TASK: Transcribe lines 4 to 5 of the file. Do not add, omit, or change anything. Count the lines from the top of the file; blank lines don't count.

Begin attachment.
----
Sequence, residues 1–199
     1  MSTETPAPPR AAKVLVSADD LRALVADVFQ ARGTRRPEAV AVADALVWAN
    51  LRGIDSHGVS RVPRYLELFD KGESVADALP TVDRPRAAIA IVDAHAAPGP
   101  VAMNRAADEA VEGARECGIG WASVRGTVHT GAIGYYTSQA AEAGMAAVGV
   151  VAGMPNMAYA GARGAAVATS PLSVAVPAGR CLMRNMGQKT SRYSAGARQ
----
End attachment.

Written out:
   101  VAMNRAADEA VEGARECGIG WASVRGTVHT GAIGYYTSQA AEAGMAAVGV
   151  VAGMPNMAYA GARGAAVATS PLSVAVPAGR CLMRNMGQKT SRYSAGARQ